Cincinnati CBP Rescues Lizards from Illegal Exotic Pet Trade
CINCINNATI—Cincinnati CBP officers and specialists recently received exciting news about a special delivery: a female armadillo banded lizard at the Cincinnati Zoo gave birth to a live, healthy baby. It’s quite possible this new little reptile nor his mother would be alive and well-cared-for had it not been for the officers and specialists at the Cincinnati port of entry.
In early November 2019, CBP officers at a Northern Kentucky local express consignment facility held a shipment coming from South Africa and destined to South Florida. The package was manifested as “toy animals, t-shirts, and markers” and contained an assortment of stuffed animals. While reviewing x-ray images of the shipment, officers and agriculture specialists noticed the stuffed animals contained distinct shapes of what appeared to be five live animals. When CBP agriculture specialists began opening the toys, the lizards’ tails and legs emerged, and they appeared to be moving.
CBP detained the lizards and contacted U.S. Fish and Wildlife Service Office of Law Enforcement (FWS) wildlife inspectors, who identified the lizards as armadillo girdled lizards, Ouroborus cataphractus, a CITES II protected species. Armadillo girdled lizards are not permitted to be exported from South Africa without appropriate documentation because of conservation concerns. The Cincinnati Zoo and Botanical Garden agreed to provide animal care for the lizards, and the shipment was referred to FWS special agents for further investigation.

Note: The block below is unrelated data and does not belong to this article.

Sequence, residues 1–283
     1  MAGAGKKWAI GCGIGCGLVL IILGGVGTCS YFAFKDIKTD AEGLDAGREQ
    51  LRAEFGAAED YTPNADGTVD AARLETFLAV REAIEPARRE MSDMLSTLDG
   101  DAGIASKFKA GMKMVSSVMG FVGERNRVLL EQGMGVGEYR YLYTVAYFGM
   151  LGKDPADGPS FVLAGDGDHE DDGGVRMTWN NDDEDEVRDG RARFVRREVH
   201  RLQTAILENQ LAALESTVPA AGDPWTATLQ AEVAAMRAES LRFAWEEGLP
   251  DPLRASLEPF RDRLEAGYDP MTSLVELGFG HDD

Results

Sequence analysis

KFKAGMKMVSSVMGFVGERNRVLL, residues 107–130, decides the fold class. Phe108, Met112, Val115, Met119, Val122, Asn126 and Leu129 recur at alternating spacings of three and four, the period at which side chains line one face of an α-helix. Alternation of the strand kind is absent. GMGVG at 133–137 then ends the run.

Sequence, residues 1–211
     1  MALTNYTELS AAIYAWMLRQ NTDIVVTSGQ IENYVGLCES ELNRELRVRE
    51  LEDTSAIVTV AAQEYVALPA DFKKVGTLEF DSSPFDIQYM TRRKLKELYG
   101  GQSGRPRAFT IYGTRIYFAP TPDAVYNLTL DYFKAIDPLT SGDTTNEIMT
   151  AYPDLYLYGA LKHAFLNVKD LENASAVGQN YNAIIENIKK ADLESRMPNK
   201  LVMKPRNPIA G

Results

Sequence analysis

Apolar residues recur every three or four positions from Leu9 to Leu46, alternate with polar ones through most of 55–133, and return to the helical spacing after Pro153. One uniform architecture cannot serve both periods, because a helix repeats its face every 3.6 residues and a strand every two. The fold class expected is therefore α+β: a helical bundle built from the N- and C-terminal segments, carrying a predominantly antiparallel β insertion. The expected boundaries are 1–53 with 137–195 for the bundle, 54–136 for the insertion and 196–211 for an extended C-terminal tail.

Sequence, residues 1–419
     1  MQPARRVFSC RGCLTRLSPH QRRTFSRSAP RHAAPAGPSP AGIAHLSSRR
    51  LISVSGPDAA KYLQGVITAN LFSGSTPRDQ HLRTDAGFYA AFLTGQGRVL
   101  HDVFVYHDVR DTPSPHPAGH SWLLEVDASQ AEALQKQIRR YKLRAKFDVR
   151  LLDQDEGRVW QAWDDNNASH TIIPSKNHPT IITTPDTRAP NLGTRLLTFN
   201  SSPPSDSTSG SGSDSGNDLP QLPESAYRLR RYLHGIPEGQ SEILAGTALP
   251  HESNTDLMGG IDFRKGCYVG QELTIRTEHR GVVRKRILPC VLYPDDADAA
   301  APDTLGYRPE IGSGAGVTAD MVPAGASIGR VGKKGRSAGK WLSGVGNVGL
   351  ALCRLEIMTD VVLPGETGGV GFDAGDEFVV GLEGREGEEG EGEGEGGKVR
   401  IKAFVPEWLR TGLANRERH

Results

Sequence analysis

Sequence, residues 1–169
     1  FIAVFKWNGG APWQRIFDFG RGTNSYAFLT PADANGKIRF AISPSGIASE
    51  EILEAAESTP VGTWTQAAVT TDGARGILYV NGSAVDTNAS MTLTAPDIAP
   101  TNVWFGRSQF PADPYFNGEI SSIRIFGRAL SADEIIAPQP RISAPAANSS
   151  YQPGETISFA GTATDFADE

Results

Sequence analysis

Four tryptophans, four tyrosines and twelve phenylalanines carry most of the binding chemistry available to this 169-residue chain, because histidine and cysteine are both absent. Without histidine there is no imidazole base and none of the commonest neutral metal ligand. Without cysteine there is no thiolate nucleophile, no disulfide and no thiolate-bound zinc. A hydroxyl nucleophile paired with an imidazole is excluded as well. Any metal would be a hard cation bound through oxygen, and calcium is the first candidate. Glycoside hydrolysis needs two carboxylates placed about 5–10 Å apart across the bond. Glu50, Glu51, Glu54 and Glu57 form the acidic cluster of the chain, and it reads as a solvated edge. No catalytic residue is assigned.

“Our wildlife inspectors and special agents work with CBP officials to combat wildlife trafficking at U.S. ports of entry,” said Edward Grace, Assistant Director of the U.S. Fish and Wildlife Service Office of Law Enforcement. “The armadillo girdled lizard is a fascinating reptile with distinct natural “armor” that helps it survive in the wild. Unfortunately, one of the biggest threats to this species is the illegal wildlife trade. We would like to thank our partners at CBP and the Cincinnati Zoo and Botanical Garden for their assistance with this case. Together, we can help protect imperiled species throughout the world.”
Armadillo girdled lizards have one to two babies a year or every other year, and given the armadillo girdled lizard’s gestation period is 6-8 months the new mother was pregnant when CBP rescued her.
“Our officers and specialists have a broad range of experience, and their quick response saved the lives of these protected species,” said Acting Area Port Director Eugene Matho.
Ryan Dumas, the Head Keeper of Herpetology and Fish at the Cincinnati Zoo, agrees. “The Cincinnati Zoo and Botanical Garden’s Herpetology Department was happy to answer the call and offer these animals a home where they will be well cared for. Despite the awful shipping conditions of these smuggled lizards, all are thriving in their new behind-the-scenes habitat, eating, gaining weight, and looking great! Thank you to the CBP officers and FWS inspectors who always work so diligently to help find and prevent these incidents.”
Once the zoo reopens, the lizards will be part of the exhibit in the Dragons building.
CBP conducts operations at ports of entry throughout the United States, and regularly screens arriving international passengers and cargo for narcotics, weapons, and other restricted or prohibited products. CBP strives to serve as the premier law enforcement agency enhancing the Nation’s safety, security, and prosperity through collaboration, innovation, and integration.